The issue of funding for these towers, according to many aviation experts, will create significant safety concerns in addition to operational concerns.
    Currently, Congress has not yet approved a budget for fiscal year 2014.


  • It was reported by the United States Department of Transportation’s Inspector General that none of the 49 suggestions relating to the hiring and training of new air traffic controllers outlined in the FAA’s independent review panel have been implemented.
    The Federal Aviation Administration plans on hiring and training more than 11,700 new air traffic controllers from now through fiscal year 2021 in order to offset expected retirements. Controllers hired after the 1981 Patco strike are nearing their retirement age and since training can take more than three years, the agency faces a huge challenge to replace these staff members.
    Enough new employees will have to be hired to staff the nation’s 300 ATC facilities, whilst some other concerns include managing contract training resources, maintaining consistent lines of leadership, measuring the impact of training initiatives and improving staffing composition at complex facilities through placement.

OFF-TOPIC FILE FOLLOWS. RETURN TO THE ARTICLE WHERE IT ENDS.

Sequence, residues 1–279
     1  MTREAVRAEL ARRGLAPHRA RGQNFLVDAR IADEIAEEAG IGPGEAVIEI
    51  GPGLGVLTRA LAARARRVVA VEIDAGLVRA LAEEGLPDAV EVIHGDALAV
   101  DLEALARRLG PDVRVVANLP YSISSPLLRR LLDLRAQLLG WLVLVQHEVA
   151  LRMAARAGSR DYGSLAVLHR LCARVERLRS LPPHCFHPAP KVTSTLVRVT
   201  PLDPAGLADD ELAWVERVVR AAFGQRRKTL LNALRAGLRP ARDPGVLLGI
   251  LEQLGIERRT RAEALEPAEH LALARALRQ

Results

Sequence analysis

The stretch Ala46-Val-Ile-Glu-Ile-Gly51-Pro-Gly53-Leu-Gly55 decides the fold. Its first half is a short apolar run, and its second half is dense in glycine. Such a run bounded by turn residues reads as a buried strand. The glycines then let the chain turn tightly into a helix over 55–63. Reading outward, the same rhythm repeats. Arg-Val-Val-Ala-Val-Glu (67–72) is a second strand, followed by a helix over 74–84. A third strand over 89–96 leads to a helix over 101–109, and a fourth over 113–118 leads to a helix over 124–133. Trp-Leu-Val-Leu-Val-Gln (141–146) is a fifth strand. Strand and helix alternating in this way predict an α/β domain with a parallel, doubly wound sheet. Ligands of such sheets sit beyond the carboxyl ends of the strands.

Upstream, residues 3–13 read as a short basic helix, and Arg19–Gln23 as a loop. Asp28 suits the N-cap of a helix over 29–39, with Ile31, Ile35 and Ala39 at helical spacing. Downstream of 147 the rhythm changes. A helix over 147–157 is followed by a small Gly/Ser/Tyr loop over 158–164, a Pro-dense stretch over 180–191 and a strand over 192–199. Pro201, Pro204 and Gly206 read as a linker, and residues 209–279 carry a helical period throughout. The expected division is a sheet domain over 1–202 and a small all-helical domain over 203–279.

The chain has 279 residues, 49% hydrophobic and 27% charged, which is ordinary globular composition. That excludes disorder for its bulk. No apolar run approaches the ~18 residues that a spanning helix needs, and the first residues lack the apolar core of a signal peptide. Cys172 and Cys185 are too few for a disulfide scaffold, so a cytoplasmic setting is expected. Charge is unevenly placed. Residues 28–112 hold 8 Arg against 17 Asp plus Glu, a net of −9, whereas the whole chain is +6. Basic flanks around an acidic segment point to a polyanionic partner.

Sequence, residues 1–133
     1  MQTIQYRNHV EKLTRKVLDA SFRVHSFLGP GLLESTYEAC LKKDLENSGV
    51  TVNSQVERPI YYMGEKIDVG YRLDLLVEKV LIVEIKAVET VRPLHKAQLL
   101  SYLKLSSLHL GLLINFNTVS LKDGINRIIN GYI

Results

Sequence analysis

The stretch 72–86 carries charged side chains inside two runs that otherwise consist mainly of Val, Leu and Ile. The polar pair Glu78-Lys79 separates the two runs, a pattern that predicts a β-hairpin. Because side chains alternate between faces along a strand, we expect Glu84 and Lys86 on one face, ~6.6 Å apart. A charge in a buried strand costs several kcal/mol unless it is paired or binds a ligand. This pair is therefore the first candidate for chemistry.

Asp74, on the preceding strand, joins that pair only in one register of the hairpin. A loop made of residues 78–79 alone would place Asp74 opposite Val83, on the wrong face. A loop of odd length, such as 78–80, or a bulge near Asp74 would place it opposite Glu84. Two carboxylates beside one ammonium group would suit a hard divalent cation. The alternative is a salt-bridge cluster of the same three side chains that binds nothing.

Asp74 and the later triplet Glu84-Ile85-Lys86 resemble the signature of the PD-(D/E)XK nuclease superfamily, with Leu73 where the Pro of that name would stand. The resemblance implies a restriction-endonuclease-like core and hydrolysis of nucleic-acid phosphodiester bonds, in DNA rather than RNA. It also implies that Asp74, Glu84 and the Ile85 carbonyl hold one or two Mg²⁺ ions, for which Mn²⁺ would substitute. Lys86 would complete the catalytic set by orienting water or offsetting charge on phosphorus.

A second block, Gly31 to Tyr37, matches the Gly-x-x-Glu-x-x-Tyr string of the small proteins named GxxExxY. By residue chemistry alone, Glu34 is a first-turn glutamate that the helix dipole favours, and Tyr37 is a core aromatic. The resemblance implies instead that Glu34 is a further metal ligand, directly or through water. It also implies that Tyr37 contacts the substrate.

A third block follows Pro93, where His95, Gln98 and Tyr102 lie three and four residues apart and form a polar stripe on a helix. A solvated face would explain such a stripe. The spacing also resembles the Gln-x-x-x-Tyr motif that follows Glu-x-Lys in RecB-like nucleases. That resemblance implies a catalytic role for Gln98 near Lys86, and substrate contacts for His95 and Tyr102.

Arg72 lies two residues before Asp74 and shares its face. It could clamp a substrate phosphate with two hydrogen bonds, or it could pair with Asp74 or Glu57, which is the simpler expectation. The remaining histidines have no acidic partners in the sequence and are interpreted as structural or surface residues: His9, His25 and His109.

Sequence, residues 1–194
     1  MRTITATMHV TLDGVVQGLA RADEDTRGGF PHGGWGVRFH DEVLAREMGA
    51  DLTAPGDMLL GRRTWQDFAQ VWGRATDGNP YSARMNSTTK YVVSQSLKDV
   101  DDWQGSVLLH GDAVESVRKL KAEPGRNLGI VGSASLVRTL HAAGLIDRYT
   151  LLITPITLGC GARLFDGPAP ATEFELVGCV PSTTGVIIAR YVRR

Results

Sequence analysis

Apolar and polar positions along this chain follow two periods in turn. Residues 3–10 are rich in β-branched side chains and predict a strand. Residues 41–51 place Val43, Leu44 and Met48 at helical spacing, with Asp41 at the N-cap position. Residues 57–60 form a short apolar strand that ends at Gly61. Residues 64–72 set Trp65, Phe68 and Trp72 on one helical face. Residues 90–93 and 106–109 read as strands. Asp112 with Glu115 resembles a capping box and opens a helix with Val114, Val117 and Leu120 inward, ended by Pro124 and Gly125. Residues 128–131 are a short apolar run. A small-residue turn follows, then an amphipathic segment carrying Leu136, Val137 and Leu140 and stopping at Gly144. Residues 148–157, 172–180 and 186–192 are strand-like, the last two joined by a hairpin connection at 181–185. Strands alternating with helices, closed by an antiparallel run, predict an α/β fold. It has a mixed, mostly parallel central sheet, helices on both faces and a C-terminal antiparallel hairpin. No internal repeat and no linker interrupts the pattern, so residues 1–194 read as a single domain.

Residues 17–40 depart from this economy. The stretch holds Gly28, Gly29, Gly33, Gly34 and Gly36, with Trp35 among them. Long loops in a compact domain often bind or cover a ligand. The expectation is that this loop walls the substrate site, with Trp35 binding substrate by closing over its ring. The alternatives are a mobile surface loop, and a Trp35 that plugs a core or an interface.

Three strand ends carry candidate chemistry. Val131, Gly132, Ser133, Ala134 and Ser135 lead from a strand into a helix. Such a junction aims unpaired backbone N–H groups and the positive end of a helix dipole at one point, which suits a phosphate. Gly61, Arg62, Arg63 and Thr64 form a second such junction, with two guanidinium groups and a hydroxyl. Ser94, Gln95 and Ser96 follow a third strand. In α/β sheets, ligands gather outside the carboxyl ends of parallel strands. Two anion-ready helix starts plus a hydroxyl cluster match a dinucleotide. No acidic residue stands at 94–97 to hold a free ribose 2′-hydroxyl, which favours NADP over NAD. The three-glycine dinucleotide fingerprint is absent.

The Inspector General made multiple recommendations to assist the FAA in improving the aforementioned factors, among others, but no action has been made at this time.

  • While many Americans are extremely familiar with the term Obamacare, very few can tell you what Obamacare actually entails.
    More than six in ten Americans admit that they do not have the information necessary to understand the changes the law will bring, according to a Washington Post-ABC News poll. The Obama administration may have the grueling task of coaxing 7 million uninsured people to sign up for coverage by the end of March but human resource professional have the task of informing and educating their staff.